The Beaufighter was commonly operated as a night fighter, such as during the Battle of Britain. Mass production of the type had coincidentally occurred at almost exactly the same time as the first British airborne interception radar sets were becoming available; the two technologies quickly became a natural match in the night fighter role. As the aircraft's accompaniment of four 20 mm cannons were mounted in the lower fuselage, the vacant nose could accommodate the radar antennas needed, and while early airborne interception equipment was too bulky to fit in single-engine fighters of the day, this limitation was not present upon the Beaufighter due to the spacious fuselage. At night time, the onboard radar would allow the aircraft to spot enemy aircraft; even while loaded with a 20,000 lb (9,100 kg) payload, it remained fast enough to catch up to German bombers and, with its heavy armament, deal out considerable amounts of damage upon them.[2] While early radar sets suffered from restrictions in range and thus initially limiting the aircraft's usefulness, improved radars would become available in January 1941, promptly making the Beaufighter one of the more effective night fighters of the era.[11]

Operational service[edit]

Introduction[edit]

Bristol Beaufighter Mk 1 in No. 252 Squadron, North Africa

By fighter standards, the Beaufighter Mk.I was rather heavy and slow. It had an all-up weight of 16,000 lb (7,000 kg) and a maximum speed of 335 mph (540 km/h) at 16,800 ft (5,000 m). Nevertheless, the Beaufighter was all that was available in terms of heavy fighter aircraft at the time in Great Britain, as further production of the Westland Whirlwind had already been terminated due to production problems with its Rolls-Royce Peregrine engines.[27]

On 12 August 1940, the first production Beaufighter was delivered to RAF Tangmere for trials with the Fighter Interception Unit. On 2 September 1940, 25 Squadron, 29 Squadron, 219 Squadron, and 604 Squadron became the first operational squadrons to receive production aircraft, each squadron received a single Beaufighter that day to begin the transition from their existing Blenheim IF aircraft.[27][13] The reequipping and conversion training process took several months to complete; on the night of 17/18 September 1940, Beaufighters of No. 29 Squadron conducted their first operational night patrol, conducting an uneventful sortie, the first operational daylight flight was performed on the following day.[28] On 25 October 1940, the type's first confirmed kill, a Dornier Do 17, occurred.[11]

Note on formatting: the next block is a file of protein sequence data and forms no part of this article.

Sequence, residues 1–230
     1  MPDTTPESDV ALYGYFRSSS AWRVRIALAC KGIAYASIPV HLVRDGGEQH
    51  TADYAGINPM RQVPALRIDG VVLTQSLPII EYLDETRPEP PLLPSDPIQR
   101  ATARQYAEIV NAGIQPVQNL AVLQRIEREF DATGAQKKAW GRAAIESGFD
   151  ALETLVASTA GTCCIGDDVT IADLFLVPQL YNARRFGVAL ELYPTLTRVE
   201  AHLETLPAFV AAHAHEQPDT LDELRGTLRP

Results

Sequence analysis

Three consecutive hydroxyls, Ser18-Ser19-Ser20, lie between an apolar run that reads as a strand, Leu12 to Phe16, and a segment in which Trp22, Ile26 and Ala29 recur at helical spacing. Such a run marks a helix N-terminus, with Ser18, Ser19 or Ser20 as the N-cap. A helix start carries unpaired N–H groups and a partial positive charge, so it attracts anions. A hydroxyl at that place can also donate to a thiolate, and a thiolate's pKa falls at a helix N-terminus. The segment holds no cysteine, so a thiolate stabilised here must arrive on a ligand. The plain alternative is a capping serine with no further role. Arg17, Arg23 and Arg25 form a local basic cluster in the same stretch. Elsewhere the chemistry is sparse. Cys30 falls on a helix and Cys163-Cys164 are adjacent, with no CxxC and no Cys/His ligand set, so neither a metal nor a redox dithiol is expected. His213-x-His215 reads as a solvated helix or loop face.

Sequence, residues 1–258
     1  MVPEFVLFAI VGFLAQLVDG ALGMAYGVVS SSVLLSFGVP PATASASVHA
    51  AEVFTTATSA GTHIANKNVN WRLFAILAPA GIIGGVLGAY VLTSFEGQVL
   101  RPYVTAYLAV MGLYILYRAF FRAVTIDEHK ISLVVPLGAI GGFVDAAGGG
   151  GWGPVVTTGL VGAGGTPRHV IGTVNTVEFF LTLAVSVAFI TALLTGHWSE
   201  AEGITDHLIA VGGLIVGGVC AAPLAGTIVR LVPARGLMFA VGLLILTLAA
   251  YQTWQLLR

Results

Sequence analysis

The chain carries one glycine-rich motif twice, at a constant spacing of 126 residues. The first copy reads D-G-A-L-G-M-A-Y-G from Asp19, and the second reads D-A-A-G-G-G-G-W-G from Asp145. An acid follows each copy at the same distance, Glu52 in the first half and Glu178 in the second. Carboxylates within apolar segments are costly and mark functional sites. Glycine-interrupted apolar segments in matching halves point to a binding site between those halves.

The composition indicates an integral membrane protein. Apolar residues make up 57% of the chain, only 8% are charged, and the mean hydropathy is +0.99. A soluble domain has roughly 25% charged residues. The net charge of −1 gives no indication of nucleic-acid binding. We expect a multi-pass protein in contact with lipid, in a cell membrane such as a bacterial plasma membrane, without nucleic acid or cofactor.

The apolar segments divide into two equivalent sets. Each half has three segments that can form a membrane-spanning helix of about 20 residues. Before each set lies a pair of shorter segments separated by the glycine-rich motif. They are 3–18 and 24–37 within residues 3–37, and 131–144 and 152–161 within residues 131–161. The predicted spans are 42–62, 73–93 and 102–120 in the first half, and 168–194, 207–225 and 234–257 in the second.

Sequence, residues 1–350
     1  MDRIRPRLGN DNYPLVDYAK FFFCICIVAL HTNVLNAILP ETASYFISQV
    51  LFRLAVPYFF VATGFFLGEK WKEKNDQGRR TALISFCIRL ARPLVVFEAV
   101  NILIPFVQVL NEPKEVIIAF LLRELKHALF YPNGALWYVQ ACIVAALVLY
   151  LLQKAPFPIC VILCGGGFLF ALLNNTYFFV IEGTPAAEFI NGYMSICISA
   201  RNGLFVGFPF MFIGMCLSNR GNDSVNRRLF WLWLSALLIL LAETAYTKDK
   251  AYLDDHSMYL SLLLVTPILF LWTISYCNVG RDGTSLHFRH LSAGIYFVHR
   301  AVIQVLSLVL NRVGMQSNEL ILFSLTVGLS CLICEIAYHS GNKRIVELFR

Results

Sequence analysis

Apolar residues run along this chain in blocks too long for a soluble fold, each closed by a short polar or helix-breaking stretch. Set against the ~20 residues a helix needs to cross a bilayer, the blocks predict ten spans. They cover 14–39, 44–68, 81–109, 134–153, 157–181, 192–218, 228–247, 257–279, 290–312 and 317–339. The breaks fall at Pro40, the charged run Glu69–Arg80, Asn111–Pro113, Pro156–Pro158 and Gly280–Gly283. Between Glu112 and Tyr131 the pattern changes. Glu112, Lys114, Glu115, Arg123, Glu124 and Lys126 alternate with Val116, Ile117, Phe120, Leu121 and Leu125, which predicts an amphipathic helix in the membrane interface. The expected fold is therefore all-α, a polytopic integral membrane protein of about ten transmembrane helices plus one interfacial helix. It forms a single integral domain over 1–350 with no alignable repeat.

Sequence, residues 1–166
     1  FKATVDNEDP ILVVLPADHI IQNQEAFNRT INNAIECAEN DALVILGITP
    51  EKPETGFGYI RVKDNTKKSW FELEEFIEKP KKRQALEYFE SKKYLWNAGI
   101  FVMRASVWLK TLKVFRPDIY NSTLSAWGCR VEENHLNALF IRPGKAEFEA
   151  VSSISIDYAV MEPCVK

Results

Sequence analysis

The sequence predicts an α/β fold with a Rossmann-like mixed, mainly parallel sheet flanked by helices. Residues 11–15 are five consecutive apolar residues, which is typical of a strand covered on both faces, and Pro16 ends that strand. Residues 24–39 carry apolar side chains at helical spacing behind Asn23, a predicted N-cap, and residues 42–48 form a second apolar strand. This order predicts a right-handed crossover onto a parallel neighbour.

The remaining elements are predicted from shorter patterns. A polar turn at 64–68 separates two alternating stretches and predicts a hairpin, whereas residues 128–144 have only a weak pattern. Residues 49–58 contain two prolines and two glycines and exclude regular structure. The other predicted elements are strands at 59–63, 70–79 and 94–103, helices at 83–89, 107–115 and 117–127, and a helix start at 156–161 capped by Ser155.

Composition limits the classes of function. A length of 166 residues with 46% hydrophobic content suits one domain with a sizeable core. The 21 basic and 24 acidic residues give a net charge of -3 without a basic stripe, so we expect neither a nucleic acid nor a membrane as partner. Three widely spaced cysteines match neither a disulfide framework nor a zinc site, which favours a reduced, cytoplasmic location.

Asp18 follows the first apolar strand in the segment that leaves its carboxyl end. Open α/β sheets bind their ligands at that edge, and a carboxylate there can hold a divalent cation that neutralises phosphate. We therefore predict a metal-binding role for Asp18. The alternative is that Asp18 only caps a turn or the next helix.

Initial production deliveries of the Beaufighter lacked the radar units to perform night fighter operations; these were progressively installed retroactively by No. 32. MU based at RAF St Athan during late 1940.[11] On the night of 19/20 November 1940, the first kill by a radar-equipped Beaufighter was performed, shooting down a Junkers Ju 88.[11] More advanced radar units were installed in early 1941, which soon allowed the Beaufighter to become effective counter to the night raids being performed by the Luftwaffe. By March 1941, half of the 22 German aircraft claimed by British fighters were by Beaufighters; during the night of 19/20 May 1941, during one air raid upon London, a total of 24 aircraft were shot down by fighters against two that were downed by anti-aircraft ground fire.[11]

In late April 1941, the first two Beaufighter Mk II aircraft, R2277 and R2278, were delivered to 600 and 604 Squadrons; the former squadron being the first to receive the type in quantity in the following month.[29] In addition to its service with the RAF, the Mk II variant would be supplied to the Fleet Air Arm of the Royal Navy as well.[15] A night-fighter Beaufighter Mk VIF was supplied to squadrons in March 1942, equipped with AI Mark VIII radar. The night fighter role was the first role in which the Beaufighter proved its merits, but went on to perform in various other capacities during the war.[2] As the faster de Havilland Mosquito took over in the night fighter role in mid to late 1942, the heavier Beaufighter made valuable contributions in other areas such as anti-shipping, ground attack and long-range interdiction, in every major theatre of operations.

Aircrew of No. 16 Squadron SAAF and No. 227 Squadron RAF sitting in front of a Beaufighter at Biferno, Italy, on 14 August 1944

On 12 June 1942, a single Beaufighter was used to conduct a raid of which Moyes stated to be "perhaps the most impudent of the war".[17] T4800, a Beaufighter Mk 1C of No. 236 Squadron, flew from Thorney Island directly to occupied Paris at an extremely low altitude during the daytime before defiantly dropping a tricolore on the Arc de Triomphe and strafing the Gestapo headquarters in the Place de la Concorde.[17]